From this, we infer that a day begins with evening, that is, sunset. Holidays end at nightfall of the date specified on most calendars; that is, at the time when it becomes dark out, about an hour after sunset.

   All holidays begin at sundown on the day before the date specified here.


Rosh Hashanah Begins sunset of  Monday, September 6, 2021 Ends nightfall of  Wednesday, September 8, 2021

Yom Kippur Begins sunset of  Wednesday, September 15, 2021 Ends nightfall of  Thursday, September 16, 2021

Sukkot Begins sunset of  Monday, September 20, 2021 Ends nightfall of  Monday, September 27, 2021

Shemini Atzeret & Simchat Torah Begins sunset of  Monday, September 27, 2021 Ends nightfall of  Wednesday, September 29, 2021

Chanukah Begins sunset of  Sunday, November 28, 2021 Ends nightfall of  Monday, December 6, 2021

Fast of Tevet 10 Begins sunrise of  Tuesday, December 14, 2021 Ends nightfall of  Tuesday, December 14, 2021

Purim Begins sunset of  Wednesday, March 16, 2022 Ends nightfall of  Thursday, March 17, 2022

Passover Begins sunset of  Friday, April 15, 2022 Ends nightfall of  Saturday, April 23, 2022

Second Passover Sunday, May 15, 2022

Lag B'Omer Thursday, May 19, 2022

Shavuot Begins sunset of  Saturday, June 4, 2022 Ends nightfall of  Monday, June 6, 2022

For more information Click here

Project 33154


Project 33154 is a community wide program to create a neighbor to neighbor Jewish experience. The initial case study started Chanuka 2002 where 10 young Yeshiva boys visited every home in Bay Harbor to identify which ones were Jewish and give them the necessary items (Menorah, Candles, Guides etc.) for the Holiday of Chanuka.

Over 250 Jewish Homes were identified together with a color coded map of Members, Non-Members and Unaffiliated Jews. Over the next Purim and Passover the same idea was used in the Surfside and Bal Harbour area and over 800 new Jewish homes were contacted and had a taste of The Shul.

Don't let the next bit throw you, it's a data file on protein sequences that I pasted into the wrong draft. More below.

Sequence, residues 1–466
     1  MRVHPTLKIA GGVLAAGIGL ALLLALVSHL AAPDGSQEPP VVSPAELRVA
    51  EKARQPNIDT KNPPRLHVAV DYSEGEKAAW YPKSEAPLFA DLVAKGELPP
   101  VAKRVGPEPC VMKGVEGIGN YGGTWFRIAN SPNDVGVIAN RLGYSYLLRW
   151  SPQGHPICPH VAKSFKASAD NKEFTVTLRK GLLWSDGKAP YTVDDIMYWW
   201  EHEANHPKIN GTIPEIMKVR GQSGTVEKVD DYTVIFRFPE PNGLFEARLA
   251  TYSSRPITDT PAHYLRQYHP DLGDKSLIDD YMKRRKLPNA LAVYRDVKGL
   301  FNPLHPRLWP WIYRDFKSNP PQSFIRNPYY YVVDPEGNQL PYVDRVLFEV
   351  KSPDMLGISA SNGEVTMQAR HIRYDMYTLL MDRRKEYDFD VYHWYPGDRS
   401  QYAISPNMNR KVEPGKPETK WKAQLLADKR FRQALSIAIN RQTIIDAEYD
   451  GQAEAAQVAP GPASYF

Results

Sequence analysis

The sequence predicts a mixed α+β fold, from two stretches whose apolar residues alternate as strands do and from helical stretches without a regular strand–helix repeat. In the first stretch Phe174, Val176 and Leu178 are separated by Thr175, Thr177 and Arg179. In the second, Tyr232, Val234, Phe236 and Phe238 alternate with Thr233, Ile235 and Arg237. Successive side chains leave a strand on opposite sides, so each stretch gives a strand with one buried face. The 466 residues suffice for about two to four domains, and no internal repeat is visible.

Block Shluchim

Together with color coded map each neighborhood was split up into different areas that include a lay leader from The Shul.

Before each Yom Tov The Shul prepares a special food package which promotes holiday awareness.

Rosh Hashana, Yom Kippur, Succot, Chanukah, Purim, Pesach andShavout

Every newly identified Jewish household in the Bal Harbour, Bay Harbor Islands and Surfside areas has been contacted with thousands of Apples and Honey packages, Chanukah kits and Purim Mishloach Manos and food packages distributed this year.

Over 350 pounds of hand-made Shemurah Matzo (that’s about 2,450 pieces of matzah) has been distributed throughout 33154. If you are new on the 33154 area, please let us know so you can be included in this amazing and inspiring Jewish Program.

Send a letter to the Rebbe זי"ע


Throughout his lifetime, the Rebbe received hundreds of letters every day, from people of every conceivable background, occupation and faith. Today people continue to send letters to be placed at the Ohel for the Rebbe's guidance and intervention On High, in the age-old tradition of written prayer petitions at our holiest sites

Whether referring to one's own self or mentioning someone else's name in a letter, one should always include the name and mother's name (e.g. Isaac the son of Sarah) of both the one(s) who are in need of blessing and the signer. is preferable to use one's Jewish name. (Customarily gentiles use their father's name.) Letters can be written in any language. You can fax directly to the Ohel at: (718) 723-4444 Or you can use the form below to have the rabbis at Ohel Chabad Lubavitch bring your prayers to the Rebbe’s resting place.

The Rebbe

The Lubavitcher Rebbe, Rabbi Menachem Mendel Schneerson of righteous memory, the seventh leader in the Chabad-Lubavitch dynasty, is considered to have been the most phenomenal Jewish personality of modern times. To hundreds of thousands of followers and millions of sympathizers and admirers around the world, he was -- and still is, despite his passing -- "the Rebbe."

Whether referring to one's own self or mentioning someone else's name in a letter, one should always include the name and mother's name (e.g. Isaac the son of Sarah) of both the one(s) who are in need of blessing and the signer.

Click Here to Know More Click Here.

Mon, May 16 2022 15 Iyyar 5782